Tag Archives: Edgar Award

Squeaker: Lunchbox Best Novel Edgar

It’s Wednesday, April 25, just one day before the Mystery Writers of America Edgars Banquet, at which the MWA will be announcing the names of the 2018 Edgar award recipients.  Good news!  I have completed reading the final entry in the Best Novel category, and I’m reading to make my final pick for which author should take home the Edgar.

12 LivesThe final finalist is Hannah Tinti’s The Twelve Lives of Samuel Hawley, a book I had read previously and greatly enjoyed reading again.  The Samuel Hawley in question is the single father of young Loo (short for Louisa), and the small family moves from place to place.  The twelve “lives” in question are twelve scars that Hawley bears, each one the mark of a healed bullet wound and a marker of a particular time in his life, some pre-Loo, some post.  Hawley is a rough man and a criminal, but a caring one, and is deeply devoted to his daughter.

Their nomadic life comes to an end when Hawley decides to move the teenage Loo back to the town where her mother was raised and mother’s mother still lives.  With the stability also comes a blooming curiosity, and Loo begins to uncover the secrets associated with her mother’s death – in particular, her grandmother Mabel Ridge’s belief that Hawley is responsible for her daughter’s death.  And indeed he is, for although he did not kill her, it was because of him that she was killed and the murder covered up.  Loo also faces a tough time at school, and deliberately breaks the finger of Marshall Hicks, subsequently falling in love with him.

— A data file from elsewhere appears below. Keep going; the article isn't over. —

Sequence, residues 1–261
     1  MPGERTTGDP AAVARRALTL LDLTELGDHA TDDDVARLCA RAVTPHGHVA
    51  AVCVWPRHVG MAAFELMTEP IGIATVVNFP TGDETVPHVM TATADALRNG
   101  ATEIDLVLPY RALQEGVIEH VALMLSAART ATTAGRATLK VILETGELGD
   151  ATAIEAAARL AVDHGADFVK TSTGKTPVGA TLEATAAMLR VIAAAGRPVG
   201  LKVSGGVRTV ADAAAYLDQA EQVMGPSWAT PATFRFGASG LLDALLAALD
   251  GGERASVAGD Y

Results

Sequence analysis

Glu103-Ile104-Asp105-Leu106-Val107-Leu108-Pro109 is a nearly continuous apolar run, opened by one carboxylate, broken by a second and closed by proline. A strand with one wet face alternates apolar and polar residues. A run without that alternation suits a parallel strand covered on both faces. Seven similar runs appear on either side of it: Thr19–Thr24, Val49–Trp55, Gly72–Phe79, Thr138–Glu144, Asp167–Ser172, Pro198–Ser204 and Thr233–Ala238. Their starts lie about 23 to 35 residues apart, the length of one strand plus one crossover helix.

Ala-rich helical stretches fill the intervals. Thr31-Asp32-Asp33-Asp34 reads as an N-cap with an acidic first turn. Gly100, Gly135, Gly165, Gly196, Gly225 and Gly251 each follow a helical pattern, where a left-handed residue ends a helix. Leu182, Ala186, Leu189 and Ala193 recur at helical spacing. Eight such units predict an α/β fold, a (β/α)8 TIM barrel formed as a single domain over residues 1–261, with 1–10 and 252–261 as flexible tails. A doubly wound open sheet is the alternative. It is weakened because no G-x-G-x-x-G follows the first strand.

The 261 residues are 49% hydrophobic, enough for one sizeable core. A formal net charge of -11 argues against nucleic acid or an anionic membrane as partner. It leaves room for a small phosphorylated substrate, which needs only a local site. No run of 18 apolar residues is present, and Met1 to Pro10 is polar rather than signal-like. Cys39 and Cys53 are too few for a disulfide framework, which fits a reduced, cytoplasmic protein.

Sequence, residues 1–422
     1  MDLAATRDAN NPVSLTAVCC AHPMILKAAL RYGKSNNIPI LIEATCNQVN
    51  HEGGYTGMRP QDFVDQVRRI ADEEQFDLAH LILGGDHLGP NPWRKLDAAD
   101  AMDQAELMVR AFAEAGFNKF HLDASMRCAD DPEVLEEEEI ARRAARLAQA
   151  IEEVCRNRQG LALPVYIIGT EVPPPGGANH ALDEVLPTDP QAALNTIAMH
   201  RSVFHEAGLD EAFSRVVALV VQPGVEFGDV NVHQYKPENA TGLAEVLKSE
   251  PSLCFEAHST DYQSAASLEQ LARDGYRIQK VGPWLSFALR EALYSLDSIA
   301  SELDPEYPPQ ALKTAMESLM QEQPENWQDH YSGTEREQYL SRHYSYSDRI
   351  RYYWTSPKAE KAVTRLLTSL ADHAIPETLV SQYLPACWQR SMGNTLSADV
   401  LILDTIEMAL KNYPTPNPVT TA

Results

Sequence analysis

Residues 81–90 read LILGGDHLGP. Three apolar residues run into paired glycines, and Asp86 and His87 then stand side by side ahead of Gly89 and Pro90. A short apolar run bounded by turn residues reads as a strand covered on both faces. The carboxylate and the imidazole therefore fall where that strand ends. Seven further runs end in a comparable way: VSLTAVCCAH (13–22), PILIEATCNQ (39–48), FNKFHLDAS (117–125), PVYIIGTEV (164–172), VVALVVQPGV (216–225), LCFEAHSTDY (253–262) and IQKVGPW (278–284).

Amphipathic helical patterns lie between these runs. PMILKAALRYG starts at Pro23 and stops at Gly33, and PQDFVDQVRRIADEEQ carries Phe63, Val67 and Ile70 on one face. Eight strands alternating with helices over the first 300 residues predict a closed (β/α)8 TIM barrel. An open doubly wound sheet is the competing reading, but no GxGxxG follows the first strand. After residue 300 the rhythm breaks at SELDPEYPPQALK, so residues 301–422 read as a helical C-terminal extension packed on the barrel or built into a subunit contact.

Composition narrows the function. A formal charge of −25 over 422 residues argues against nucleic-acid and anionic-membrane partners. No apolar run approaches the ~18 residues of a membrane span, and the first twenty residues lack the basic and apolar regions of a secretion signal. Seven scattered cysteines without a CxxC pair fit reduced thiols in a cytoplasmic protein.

The book builds to a climax as Samuel Hawley’s youthful chickens come home to roost, when a previously vanquished foe reappears to claim vengeance, and uses a former friend of Hawley’s to do so.  Only through quick thinking and sheer guts do Loo and her father prevail.

The Twelve Lives of Samuel Hawley has a lot going for it – the characters are rich and believable, the framing device using the twelve bullets is very useful and effective in moving the plot forward through time, and there is a real sense of tragedy, in that the heroes are undone by the flaws that make them unique.  Tinti does an excellent job of building suspense.  Hawley is similar, in some ways, to the Jordan Harper’s She Rides Shotgun, up this year for the Edgar for Best First Novel (and it ranked #1 with me)  Both feature a criminal father, an edgy, violence-prone daughter, and a dead mother.  Tinti’s book is both deeper and broader.